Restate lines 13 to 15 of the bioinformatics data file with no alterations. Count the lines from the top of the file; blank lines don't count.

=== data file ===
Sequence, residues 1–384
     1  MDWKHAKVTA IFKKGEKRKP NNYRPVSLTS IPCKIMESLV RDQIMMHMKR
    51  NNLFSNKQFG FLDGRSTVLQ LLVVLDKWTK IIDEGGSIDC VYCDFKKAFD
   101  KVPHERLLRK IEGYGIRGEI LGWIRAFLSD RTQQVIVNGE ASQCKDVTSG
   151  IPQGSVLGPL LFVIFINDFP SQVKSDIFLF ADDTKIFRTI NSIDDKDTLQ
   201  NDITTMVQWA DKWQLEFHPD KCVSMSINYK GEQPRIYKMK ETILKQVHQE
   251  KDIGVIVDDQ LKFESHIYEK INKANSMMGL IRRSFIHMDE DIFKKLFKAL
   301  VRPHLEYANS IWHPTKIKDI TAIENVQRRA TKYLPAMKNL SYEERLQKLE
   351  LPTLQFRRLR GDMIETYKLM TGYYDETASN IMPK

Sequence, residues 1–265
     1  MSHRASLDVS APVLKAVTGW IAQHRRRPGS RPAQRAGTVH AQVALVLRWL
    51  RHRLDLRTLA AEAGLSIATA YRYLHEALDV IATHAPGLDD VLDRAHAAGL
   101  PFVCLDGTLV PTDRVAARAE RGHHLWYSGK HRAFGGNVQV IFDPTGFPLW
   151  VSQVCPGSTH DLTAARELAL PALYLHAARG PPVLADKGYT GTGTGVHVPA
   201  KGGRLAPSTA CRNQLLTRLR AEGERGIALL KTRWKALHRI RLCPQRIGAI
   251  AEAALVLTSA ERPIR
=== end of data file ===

   101  PFVCLDGTLV PTDRVAARAE RGHHLWYSGK HRAFGGNVQV IFDPTGFPLW
   151  VSQVCPGSTH DLTAARELAL PALYLHAARG PPVLADKGYT GTGTGVHVPA
   201  KGGRLAPSTA CRNQLLTRLR AEGERGIALL KTRWKALHRI RLCPQRIGAI